A conversation with His Holiness the Dalai Lama

21st century leaders who will inspire you - Steve and Debbie Killelea

Dalai Lama concerned about global warming in cloudburst-hit Leh - 12 August 2010


Tibetan spiritual leader Dalai Lama said on Wednesday that the world needs to pay attention to the impact of Global Warming seriously and look at it as the biggest environmental issue.


Talking to ANI at Amritsar, Dalai Lama expressed his deep condolences to the people who died due to cloudburst in Leh, as he said: "All what happened in Leh is very very sad. These are all natural disasters. What we can do is pray for the victims and also offer condolences to the surviving family members and give donations for their rehabilitation."


Dalai Lama also said that the natural disaster in Pakistan, fire in Russia calls for attention. He said as per ecologists these are the symptoms of global warming and it is very sad.


The Tibetal Spiritual Leader said that preservation of ecology should be part of our daily life. Ahimsa, which is the tradition and culture of Bharat, was relevant in the present time.


Dalai Lama was in the holy city of Amritsar for a night halt on his way to Dharmshala from New Delhi. By Ravinder Singh Robin (ANI)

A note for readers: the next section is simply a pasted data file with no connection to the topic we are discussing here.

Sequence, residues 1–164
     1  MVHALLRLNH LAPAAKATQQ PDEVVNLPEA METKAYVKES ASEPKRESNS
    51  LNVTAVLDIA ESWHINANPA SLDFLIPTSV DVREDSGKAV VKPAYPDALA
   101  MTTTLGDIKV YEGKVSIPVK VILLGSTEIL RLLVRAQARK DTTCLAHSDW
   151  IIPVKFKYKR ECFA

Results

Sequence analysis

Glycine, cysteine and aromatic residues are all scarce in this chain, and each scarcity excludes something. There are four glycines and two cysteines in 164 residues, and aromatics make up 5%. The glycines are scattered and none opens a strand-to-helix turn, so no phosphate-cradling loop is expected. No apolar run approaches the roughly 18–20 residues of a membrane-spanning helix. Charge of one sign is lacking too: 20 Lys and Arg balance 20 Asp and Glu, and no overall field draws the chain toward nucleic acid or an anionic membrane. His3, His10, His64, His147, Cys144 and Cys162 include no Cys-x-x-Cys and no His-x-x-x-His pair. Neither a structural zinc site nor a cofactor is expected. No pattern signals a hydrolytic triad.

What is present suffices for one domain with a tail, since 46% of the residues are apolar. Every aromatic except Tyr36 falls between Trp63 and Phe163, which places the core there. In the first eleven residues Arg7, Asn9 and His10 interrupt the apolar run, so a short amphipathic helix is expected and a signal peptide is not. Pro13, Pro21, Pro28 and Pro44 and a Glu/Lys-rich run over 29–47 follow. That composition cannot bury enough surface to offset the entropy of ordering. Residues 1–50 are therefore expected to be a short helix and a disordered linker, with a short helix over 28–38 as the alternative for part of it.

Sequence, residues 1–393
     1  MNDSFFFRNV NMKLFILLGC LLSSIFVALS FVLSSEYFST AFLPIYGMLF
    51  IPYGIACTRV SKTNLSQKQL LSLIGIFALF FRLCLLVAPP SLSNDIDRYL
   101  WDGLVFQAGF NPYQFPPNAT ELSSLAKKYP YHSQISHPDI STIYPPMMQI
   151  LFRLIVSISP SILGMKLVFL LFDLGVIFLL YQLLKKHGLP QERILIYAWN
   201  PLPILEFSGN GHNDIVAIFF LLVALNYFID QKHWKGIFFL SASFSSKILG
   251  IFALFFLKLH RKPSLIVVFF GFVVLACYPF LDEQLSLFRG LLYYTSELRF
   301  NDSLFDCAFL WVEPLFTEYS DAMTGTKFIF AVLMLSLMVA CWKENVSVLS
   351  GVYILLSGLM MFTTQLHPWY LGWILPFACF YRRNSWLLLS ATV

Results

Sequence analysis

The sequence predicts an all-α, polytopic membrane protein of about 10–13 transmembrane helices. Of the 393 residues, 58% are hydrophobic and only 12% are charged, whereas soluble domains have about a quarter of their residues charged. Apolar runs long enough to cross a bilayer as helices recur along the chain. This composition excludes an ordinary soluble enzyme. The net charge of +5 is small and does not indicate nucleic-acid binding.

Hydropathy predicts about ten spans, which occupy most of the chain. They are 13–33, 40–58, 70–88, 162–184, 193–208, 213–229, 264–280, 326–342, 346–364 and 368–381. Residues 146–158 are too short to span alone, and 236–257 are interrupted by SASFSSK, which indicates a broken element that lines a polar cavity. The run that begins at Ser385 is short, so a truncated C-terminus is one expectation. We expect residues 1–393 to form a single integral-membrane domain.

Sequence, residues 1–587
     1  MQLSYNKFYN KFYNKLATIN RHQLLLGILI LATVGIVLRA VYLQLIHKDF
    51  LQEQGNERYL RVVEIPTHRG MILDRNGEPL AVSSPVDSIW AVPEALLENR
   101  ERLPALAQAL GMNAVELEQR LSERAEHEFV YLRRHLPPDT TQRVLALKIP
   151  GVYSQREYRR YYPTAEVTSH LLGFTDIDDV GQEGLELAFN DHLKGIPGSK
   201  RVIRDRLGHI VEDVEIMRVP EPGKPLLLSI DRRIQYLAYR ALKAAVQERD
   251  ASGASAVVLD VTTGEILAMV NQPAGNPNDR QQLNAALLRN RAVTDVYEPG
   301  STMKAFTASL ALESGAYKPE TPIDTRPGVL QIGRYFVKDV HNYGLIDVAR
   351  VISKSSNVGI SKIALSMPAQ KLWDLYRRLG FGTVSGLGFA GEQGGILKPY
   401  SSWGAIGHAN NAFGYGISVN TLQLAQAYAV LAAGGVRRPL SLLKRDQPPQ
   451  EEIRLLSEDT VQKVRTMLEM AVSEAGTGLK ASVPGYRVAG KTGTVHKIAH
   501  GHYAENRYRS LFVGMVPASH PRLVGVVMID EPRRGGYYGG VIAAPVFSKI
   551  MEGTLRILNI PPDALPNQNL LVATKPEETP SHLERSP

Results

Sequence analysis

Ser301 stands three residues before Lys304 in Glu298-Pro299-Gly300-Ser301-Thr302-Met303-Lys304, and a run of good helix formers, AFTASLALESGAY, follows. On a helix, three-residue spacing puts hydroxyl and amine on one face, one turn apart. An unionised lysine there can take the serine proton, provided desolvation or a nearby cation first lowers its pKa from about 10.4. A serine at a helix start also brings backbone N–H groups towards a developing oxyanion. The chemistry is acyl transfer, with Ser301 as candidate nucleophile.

Green Cross Australia formed a partnership with Dalai Lama in Australia to support our first Values Leadership event in what will become an annual series. On Friday June 17 2011, a special gathering of 1000 business and community leaders had a unique chance to build a personal heart connection about our precious environment.


During this special luncheon His Holiness the Dalai Lama had a dialogue about values in leadership and the importance of environmental thinking, moderated by Sandra Sully, in the Brisbane Convention Centre.

Green Cross organised a special panel of business and community leaders to join Sandra Sully after the Dalai Lama spoke, to help our audience connect with inspiring leadership at a personal level.


Here we profile luncheon panelist and Australian IT entrepreneur Steve Killilea and his wife Debbie Killelea - both Green Cross Australia Foundation Members. The video presented is an interview between of Steve addressing how sustainability features in his overseas aid programs. Below are snippets of an interview with Steve from the ABC's 7:30 Report:


KERRY O'BRIEN, PRESENTER: In this cynical age, world peace is sometimes dismissed as a hippie concept, a utopian notion of the flower children of the '60s.

But increasingly global businessmen and leaders are accepting that peace has an economic value. The more peaceful a nation the more attractive it is for investment and the higher its economic wealth. Ranking nations according to their capacity for peace is the brainchild of one Australian multimillionaire who also gives away millions to help the poorest people on earth.

Rebecca Baillie reports on one man's personal crusade to change the world.

REBECCA BAILLIE, REPORTER: Entrepreneur Steve Killelea enjoys all the trappings of wealth. A waterfront house on Sydney's northern beaches, a booming business empire and a European sports car.


STEVE KILLELEA, BUSINESSMAN: If I do something I can really stick at it. And I think perseverance is the key in success in almost any aspect of life.